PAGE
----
Feb. 7, 2020
"The Dean" is a bit confused by the technical snafu here because typically, when a high school offers Naviance, the students link their Common Application and Naviance accounts from the get-go. So I'm not exactly sure why your son's recommendations did not go out in a timely manner. However, it is always the student's responsibility to make certain that colleges have received all application components. Thus, if somehow one of his teachers never received the recommendation request, it should have been incumbent on your son to confirm that the requests had arrived and that, eventually, his colleges received the teacher letters.
As a parent myself, I know that this is a bitter pill to swallow. But as stressful as this mess seems right now, it could turn into a valuable lesson for your son down the road. If this son is your first college-bound child, you will be blown away next year when you see how quickly -- and sometimes overwhelmingly -- the burden of following up on countless requirements and requests (well beyond homework) falls upon teenagers who are still accustomed to parental oversight.
BUT ... on the other hand, it's actually not likely that your son's denials were due to the tardy teacher references. Most colleges are pretty loosey-goosey when it comes to those. They realize that some teachers are writing stacks of reference letters and get behind the eight ball, and that others simply procrastinate. So the college folks generally allow a lot of leeway when it comes to teacher letters and deadlines. If your son's admission verdicts were in the balance and depended on those missing letters, an admission official would likely have contacted the guidance counselor to inquire about the MIA missives before sealing your son's fate.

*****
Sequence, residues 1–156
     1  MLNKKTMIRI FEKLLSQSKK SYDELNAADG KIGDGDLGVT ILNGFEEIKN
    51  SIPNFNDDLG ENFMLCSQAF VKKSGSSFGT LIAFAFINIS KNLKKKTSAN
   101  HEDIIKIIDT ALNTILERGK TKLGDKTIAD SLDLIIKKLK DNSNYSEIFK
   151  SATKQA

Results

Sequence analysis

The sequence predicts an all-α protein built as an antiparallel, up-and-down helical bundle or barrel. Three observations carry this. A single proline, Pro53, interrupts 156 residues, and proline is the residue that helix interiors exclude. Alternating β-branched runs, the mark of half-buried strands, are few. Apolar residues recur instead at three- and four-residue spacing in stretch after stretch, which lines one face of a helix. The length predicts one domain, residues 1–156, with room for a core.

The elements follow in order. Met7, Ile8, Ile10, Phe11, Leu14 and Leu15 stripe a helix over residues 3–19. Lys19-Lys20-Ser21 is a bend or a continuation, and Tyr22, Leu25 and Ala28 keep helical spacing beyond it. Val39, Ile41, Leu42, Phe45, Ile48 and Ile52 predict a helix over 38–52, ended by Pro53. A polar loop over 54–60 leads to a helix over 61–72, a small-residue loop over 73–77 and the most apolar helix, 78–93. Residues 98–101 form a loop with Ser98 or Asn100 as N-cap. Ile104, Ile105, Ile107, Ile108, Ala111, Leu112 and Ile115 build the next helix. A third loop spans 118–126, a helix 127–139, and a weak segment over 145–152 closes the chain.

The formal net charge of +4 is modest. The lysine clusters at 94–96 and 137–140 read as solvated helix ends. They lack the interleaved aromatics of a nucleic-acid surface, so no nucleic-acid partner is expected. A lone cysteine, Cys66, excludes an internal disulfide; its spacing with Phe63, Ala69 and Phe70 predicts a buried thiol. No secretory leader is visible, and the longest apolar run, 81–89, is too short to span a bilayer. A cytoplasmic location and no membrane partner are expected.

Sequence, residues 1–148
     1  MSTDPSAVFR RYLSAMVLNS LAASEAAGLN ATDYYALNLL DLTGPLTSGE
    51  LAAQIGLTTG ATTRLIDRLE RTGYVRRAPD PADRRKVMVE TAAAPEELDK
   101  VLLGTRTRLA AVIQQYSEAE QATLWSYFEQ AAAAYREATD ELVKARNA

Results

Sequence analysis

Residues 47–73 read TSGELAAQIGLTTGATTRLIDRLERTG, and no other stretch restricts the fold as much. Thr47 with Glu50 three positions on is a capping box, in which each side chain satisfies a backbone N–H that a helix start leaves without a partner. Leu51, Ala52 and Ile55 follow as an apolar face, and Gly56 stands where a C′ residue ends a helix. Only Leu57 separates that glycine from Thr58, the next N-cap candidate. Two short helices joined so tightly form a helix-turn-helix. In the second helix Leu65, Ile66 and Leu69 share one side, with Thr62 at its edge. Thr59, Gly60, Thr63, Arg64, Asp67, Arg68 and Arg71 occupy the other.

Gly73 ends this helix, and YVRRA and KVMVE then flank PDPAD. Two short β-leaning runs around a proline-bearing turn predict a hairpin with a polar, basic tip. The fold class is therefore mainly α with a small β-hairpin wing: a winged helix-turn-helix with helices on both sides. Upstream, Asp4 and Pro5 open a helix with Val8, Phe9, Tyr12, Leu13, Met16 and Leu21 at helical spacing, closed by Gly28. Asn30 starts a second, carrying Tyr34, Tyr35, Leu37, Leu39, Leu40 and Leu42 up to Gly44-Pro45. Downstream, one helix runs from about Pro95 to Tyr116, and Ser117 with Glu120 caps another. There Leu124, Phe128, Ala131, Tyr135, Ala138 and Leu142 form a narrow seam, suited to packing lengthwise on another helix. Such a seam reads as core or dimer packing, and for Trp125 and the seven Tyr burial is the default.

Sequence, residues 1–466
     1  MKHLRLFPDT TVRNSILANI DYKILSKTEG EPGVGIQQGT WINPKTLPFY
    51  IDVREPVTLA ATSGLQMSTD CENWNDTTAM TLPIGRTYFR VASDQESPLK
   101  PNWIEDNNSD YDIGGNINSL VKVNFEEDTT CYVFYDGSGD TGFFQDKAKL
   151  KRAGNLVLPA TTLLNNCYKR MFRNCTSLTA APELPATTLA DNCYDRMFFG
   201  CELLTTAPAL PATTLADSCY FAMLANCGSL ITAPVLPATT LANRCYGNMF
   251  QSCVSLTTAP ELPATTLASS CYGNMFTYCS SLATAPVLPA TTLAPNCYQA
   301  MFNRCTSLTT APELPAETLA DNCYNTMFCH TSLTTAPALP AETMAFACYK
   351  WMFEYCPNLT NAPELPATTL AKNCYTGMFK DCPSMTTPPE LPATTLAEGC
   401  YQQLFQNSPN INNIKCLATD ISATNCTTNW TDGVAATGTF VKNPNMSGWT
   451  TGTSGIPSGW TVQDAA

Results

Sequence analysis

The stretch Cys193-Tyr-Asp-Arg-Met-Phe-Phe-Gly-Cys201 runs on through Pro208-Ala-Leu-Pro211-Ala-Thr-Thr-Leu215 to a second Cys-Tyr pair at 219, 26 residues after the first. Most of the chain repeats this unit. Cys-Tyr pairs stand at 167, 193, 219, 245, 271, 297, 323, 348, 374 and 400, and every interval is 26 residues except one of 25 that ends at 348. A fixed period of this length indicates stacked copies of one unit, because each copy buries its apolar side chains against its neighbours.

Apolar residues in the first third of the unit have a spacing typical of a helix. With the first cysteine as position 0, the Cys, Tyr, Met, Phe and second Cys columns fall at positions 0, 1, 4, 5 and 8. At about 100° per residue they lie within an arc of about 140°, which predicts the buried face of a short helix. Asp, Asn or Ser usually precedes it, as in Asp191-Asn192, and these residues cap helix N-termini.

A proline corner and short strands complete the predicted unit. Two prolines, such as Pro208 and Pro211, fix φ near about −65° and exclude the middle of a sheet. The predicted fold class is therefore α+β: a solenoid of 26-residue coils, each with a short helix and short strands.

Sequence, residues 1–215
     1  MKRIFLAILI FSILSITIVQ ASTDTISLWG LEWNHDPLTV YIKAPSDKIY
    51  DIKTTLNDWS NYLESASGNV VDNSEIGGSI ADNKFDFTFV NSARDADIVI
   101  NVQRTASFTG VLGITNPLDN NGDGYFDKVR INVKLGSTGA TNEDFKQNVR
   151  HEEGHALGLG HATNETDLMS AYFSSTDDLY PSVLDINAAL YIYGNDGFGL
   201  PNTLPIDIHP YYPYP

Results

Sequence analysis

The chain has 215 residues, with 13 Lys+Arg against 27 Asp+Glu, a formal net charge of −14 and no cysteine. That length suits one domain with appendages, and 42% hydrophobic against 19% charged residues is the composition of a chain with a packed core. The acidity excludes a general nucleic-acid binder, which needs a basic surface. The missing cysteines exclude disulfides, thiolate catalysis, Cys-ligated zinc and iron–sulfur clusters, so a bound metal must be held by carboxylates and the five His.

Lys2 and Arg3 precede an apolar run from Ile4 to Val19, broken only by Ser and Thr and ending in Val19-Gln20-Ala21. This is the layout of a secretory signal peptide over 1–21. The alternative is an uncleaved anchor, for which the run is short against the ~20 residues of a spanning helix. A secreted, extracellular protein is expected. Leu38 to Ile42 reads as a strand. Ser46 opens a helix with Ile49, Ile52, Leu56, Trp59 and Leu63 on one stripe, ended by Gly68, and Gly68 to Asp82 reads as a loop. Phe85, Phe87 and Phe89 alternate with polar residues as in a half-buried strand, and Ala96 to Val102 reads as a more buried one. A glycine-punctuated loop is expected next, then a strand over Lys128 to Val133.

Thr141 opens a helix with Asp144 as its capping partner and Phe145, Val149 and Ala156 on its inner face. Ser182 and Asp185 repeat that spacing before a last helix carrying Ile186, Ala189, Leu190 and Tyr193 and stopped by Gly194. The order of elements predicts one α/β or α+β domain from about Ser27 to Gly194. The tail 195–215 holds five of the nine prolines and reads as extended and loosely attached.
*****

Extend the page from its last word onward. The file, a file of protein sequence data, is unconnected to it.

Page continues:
Thus, The Dean's best guess is that the teacher-letter snafu didn't spawn the bad news. However, to be on the safe side while other decisions are still pending, your son can ask his guidance counselor to contact his colleges to explain that there was a miscommunication about recommendation protocol, which led to late letters. The counselor may not confess to being the guilty party here but, if so, he or she should mention this in the message. If the counselor won't write to the colleges (or your son feels it's too awkward to ask) then he can send an apologetic email to the colleges himself explaining that his teacher letters were late because of information that wasn't clearly communicated to the seniors at his school. But he must avoid whining and finger pointing and focus on the apology part of his note instead.
Again, while I empathize with your frustration, I hope you can take some solace in the fact that your son's denials were more likely due to the crap-shoot nature of the crazy admission process and not to any fatal error on the counselor's part or even on his.
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About the Ask the Dean column: Sally Rubenstone is a veteran of the college admissions process and is the co-author of three books covering admissions. She worked as a Smith College admission counselor for 15 years and has also served as an independent college counselor, in addition to working as a senior advisor at College Confidential since 2002. If you'd like to submit a question to The Dean, please send it along here.
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